If a batsman get bowled on free hit and ball goes to boundary, will four runs be added or not? Is there any rule about this?
When a bowler over-steps, resulting in No ball, and the batsman's wicket has been disturbed with the ball going to the boundary, then 5 runs are awarded to the batting side. Five runs is split as one for overstepping and four for the boundary. All these 5 runs go into the extras (No ball) column. However, if the ball touches the bat/glove before hitting the stumps and then goes to the boundary, 1 run is added in the extras column for the No ball and 4 runs are added to the batsman's score. Either way, the batting side get 5 runs.
13 - Runs resulting from a No ball - how scored
The one run penalty shall be scored as a No ball extra. Any runs completed by the batsmen or any boundary allowance shall be credited to the striker if the ball has been struck by the bat; otherwise they shall also be scored as No ball extras.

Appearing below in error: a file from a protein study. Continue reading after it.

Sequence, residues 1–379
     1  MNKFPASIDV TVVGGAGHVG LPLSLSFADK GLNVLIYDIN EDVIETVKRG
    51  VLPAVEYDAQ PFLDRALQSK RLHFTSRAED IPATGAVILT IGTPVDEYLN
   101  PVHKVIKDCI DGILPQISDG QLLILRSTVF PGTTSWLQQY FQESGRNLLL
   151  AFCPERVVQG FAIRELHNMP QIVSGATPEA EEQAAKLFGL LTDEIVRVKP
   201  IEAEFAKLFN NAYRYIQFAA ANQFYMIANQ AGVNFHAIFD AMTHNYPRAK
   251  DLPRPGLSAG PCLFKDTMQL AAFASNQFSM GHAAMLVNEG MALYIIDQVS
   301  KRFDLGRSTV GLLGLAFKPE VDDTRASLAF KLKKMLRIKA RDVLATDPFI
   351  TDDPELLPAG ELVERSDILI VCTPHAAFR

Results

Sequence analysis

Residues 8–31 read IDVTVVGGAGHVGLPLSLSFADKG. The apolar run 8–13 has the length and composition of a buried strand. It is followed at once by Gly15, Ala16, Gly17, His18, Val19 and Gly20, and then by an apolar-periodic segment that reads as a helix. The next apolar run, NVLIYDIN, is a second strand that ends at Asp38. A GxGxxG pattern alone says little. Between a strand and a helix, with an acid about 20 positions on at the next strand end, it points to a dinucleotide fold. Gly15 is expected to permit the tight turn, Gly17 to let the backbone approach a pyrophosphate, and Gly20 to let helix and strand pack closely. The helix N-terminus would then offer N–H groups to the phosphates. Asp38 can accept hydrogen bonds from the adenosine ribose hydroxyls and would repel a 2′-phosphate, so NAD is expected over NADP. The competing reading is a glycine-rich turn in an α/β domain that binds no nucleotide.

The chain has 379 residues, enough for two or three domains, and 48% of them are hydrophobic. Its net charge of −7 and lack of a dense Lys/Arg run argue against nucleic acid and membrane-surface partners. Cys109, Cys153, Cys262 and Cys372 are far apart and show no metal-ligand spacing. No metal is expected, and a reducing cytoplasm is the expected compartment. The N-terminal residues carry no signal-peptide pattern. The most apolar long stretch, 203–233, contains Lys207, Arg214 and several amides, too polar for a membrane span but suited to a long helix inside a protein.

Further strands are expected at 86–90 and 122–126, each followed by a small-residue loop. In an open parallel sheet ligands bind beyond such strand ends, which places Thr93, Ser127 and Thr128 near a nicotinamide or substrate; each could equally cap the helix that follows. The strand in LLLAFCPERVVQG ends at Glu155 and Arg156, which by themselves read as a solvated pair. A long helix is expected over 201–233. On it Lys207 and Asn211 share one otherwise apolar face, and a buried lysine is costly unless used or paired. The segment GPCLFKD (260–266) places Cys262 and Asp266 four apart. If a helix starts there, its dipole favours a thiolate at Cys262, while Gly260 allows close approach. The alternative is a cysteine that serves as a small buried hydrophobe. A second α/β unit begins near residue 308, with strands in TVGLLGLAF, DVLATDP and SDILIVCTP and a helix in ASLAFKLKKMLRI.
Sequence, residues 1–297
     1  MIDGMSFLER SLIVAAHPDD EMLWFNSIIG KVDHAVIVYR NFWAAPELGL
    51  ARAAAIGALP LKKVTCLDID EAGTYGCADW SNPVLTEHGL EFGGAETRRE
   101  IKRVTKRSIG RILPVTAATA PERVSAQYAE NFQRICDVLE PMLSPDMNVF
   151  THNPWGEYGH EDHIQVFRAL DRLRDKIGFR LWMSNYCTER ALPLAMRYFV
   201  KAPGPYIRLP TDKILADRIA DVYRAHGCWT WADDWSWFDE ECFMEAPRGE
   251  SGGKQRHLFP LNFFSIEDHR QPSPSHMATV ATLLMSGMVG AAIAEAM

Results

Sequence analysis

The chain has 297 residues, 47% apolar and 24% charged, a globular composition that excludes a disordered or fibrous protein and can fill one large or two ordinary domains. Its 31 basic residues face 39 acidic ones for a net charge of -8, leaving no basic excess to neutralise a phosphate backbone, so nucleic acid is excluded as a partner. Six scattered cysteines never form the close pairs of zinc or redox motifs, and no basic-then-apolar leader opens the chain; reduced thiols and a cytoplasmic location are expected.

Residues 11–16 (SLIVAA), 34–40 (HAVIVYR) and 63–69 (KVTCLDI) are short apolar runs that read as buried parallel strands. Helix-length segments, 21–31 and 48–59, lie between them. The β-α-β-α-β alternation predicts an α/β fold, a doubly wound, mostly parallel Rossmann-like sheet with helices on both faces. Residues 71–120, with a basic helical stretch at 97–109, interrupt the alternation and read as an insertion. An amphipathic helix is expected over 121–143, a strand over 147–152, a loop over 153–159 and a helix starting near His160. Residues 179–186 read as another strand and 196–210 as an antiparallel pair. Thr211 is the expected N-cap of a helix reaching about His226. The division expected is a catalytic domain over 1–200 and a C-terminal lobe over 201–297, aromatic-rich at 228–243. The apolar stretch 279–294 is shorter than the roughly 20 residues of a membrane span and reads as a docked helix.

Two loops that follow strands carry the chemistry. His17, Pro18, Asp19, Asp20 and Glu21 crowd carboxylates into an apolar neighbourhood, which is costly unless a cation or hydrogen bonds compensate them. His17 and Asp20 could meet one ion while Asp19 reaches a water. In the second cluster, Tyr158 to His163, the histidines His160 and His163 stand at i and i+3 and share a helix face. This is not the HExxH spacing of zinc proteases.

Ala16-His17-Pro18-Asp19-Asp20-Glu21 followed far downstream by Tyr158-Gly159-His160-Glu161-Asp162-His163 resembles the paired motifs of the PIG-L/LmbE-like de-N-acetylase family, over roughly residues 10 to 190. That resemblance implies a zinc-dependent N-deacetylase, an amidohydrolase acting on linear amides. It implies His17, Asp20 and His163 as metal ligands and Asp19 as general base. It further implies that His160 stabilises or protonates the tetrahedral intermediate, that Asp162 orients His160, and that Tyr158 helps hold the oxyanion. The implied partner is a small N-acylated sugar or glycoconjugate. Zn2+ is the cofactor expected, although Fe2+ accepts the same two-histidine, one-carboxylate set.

Free hit delivery
The delivery that immediately follows the No ball for overstepping in limited overs cricket is a free hit. This means that the batsman cannot be dismissed in any way apart from a run out, handling the ball, hitting the ball twice or obstructing the field. So, if the ball hits the stumps and goes to the boundary, the batsman is not out. Instead the batting team get 4 runs as extras (byes) for the ball reaching the boundary. If the batsman has nicked the ball before it hit the stumps on its way to the boundary, then all 4 runs are added to the batsman's score.
Long story short, if a batsman gets bowled off a free hit and the ball goes to boundary, then yes, 4 runs will be added to the batting side.
protected by Philip Kendall♦ May 12 '17 at 18:47
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